The Snowstorm May Have Cost Retailers $1 Billion in Anticipated Post-Christmas Sales

Not shopping.

Just when retailers had good reason to believe that their line of business was not entirely doomed and that the American population still does, in fact, have an insatiable hunger for buying jeggings and ugly Christmas sweaters and everything else that people snapped up this holiday season, the Christmas Tsnownami came and dashed their hopes. According to market researcher ShopperTrak, this blizzard not only trapped thousands of people in airports, subways, and small spaces with family members who drive them nuts, but it also may have robbed an estimated $1 billion in post-holiday sales from retailers across the Eastern seaboard. In fact, a $1 billion loss is their "conservative appraisal," according to WWD.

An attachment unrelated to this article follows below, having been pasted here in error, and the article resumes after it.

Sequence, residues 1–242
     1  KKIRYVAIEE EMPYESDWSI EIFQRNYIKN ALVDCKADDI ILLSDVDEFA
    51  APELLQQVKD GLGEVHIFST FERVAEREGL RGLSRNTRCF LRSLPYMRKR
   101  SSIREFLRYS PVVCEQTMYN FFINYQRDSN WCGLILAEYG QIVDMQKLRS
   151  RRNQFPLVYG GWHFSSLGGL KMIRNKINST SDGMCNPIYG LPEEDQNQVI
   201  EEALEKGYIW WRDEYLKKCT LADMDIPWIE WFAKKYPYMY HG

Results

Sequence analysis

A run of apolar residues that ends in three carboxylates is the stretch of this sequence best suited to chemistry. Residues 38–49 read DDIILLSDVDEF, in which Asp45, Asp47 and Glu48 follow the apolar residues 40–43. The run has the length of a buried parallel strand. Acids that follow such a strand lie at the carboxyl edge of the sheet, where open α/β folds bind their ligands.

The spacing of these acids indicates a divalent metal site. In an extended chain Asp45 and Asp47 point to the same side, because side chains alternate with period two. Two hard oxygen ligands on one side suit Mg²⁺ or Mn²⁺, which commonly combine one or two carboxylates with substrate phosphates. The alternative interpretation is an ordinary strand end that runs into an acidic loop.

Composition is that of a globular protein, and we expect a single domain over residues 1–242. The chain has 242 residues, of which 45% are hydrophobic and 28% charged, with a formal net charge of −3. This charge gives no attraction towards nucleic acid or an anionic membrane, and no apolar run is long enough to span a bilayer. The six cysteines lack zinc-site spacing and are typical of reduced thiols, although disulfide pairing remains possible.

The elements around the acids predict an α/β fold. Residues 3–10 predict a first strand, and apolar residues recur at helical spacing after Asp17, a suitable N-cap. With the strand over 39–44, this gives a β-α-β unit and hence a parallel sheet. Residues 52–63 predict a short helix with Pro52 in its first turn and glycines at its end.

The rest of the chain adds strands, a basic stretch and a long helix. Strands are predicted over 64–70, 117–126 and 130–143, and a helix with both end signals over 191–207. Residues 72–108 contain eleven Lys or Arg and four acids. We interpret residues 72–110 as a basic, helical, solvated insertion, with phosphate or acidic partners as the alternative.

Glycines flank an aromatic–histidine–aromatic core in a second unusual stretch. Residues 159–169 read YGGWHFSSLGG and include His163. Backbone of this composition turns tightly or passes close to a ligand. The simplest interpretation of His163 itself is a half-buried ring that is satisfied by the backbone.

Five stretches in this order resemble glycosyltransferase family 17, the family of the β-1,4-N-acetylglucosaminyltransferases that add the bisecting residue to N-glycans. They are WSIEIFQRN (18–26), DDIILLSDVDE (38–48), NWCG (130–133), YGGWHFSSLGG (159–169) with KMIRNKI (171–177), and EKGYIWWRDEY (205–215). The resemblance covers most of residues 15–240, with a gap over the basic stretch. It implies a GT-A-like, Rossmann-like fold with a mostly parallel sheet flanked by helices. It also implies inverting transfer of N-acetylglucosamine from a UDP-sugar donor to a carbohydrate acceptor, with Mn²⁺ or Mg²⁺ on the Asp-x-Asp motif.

“As expected, the 2010 blizzard throughout the Northeast halted nearly all retail visits and spending during a period that is fairly crucial for retailers,” said Bill Martin, ShopperTrak’s co-founder. “And at this point, the prospect of momentarily pausing a potential $1 billion in sales has the collective industry holding its breath.”

Preliminary estimates for sales on December 26 and 27 were around $10 billion, and researchers believe that the storm took an 11.2 percent chunk out of shopping traffic on Sunday and 38.6 percent on Monday. Of course, the overall loss is still yet to be seen, since a lot of people will just shop more this weekend to make up for their stir-craziness.

Storm's Two-Day Toll Could be $1B [WWD]